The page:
Watching Venom: Let There Be Carnage, a quote from Joker came to mind: “I used to think that my life was a tragedy, but now I realize, it’s a comedy.” In the case of Venom, his life has become a romantic comedy. Michelle Williams returns in the sequel as Anne Weying, but she’s hardly a love interest at this point. The real love story here is between Venom and Eddie Brock, once again charismatically played by Tom Hardy. They bicker and break up like a couple, but always get back together in a toxic fashion. While this doesn’t sound like the Venom we know from the comics, it is a unique approach to the superhero genre. If only Let There Be Carnage went all the way with this angle.
Picking up where the last movie sequel-baited us, Woody Harrelson reprises his role as the incarcerated Cletus Kasady, who has thankfully gotten a haircut. Harrelson is well-suited to play a serial killer who takes an interest in Eddie. After all, he was brilliant in Natural Born Killers, and Naomie Harris is a worthy replacement for Juliette Lewis. Let There Be Carnage has two problems, however. First, Venom is once again saddled with a PG-13 rating, despite rumors that it might roll the dice on an R. Second, there isn’t as much Carnage as the title suggests.
It takes far too long for Kasady to make contact with the red symbiote. When Venom and Carnage do finally clash, the audience might assume that the film is only at the halfway point. It turns out that we’ve reached the climax. The big showdown is indeed a spectacle, even if director Andy Serkis goes overboard with the CGI. Throughout the film’s surprisingly brief 97 minutes, though, we learn little about Carnage or his connection to Kasady. So, it’s hard to get that invested when our heroes and villains square off.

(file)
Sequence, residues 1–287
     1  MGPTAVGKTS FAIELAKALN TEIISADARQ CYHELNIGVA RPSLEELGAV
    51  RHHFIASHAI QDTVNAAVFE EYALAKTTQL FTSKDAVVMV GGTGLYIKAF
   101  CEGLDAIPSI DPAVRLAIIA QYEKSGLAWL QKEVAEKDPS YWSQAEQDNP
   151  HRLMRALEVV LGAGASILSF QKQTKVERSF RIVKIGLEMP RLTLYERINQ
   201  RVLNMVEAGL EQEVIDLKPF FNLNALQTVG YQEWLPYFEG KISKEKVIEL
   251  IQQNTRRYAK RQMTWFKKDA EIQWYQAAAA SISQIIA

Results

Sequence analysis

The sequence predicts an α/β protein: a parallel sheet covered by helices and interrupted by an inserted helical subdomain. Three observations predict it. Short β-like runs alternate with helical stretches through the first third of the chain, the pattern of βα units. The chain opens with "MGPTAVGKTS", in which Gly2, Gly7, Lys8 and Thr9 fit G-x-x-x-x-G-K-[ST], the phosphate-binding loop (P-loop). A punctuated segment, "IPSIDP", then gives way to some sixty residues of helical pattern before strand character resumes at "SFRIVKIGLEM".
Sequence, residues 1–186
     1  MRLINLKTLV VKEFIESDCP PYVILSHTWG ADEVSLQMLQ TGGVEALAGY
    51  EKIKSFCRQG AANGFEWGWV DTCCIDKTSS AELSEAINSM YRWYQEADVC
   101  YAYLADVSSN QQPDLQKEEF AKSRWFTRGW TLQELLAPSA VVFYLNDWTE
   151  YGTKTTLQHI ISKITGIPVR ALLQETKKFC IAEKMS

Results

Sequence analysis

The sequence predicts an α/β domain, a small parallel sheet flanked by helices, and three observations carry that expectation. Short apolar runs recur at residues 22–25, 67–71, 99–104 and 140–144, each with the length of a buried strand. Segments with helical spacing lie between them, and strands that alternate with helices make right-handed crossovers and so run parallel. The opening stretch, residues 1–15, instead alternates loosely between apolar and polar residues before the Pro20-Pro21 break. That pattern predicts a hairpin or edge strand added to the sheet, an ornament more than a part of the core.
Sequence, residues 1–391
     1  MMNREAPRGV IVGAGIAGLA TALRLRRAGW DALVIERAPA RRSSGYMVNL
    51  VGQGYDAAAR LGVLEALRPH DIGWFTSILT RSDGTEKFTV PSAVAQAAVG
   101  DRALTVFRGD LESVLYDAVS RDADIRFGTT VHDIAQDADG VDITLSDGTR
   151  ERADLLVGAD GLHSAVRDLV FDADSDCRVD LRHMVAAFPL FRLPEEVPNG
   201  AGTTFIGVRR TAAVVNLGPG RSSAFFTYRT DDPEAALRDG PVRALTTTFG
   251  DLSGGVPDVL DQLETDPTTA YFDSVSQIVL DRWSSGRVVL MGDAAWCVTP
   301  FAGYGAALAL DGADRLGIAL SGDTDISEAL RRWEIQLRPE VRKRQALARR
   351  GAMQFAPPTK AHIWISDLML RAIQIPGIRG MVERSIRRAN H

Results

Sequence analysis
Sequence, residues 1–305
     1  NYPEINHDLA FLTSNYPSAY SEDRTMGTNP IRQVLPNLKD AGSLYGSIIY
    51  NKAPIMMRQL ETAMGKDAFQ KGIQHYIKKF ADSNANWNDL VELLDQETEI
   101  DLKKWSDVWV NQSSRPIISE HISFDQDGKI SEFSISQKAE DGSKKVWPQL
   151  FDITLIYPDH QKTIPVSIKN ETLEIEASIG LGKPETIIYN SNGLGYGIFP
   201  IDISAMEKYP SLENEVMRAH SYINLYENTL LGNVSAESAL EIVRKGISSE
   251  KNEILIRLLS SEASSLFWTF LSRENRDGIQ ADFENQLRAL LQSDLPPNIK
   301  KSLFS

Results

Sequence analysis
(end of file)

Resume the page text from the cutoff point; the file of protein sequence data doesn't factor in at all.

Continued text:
The film doesn’t quite deliver the Venom vs. Carnage movie that fans likely wanted. To a certain extent, though, it does give us the Eddie/Venom love story we didn’t know we wanted. Hardy once again carries the film on his shoulders in this duel role, selling it as both the Felix and the Oscar. The dialogue Hardy is given doesn’t always hit its mark, however. Screenwriter Kelly Marcel has talent, having previously worked on Saving Mr. Banks. Granted, she also adapted Fifty Shades of Grey, but there isn’t a screenwriter in the world who could make E. L. James sound natural. Regardless, Let There Be Carnage could’ve used a screenwriter with a more comedic background, i.e. somebody from Deadpool or even Robot Chicken. While there are comedic situations that show promise, the execution mostly falls flat.
Much like Eddie and Venom, Let There Be Carnage is torn on what it wants to be. One half is a straightforward superhero movie with promising yet ultimately underdeveloped villains. The other is a rom-com that comes close to working, but it doesn’t fully commit. At the very least, the film doesn’t overstay its welcome, and there is one scene that will have all of social media buzzing. While I won’t say what it is, this moment almost makes up for the rest of the film’s shortcomings. It’s not enough for me to fully endorse Let There Be Carnage, but this sequel is more fun than the original and paves the way for some potentially fun ideas to be explored in the inevitable Venom 3.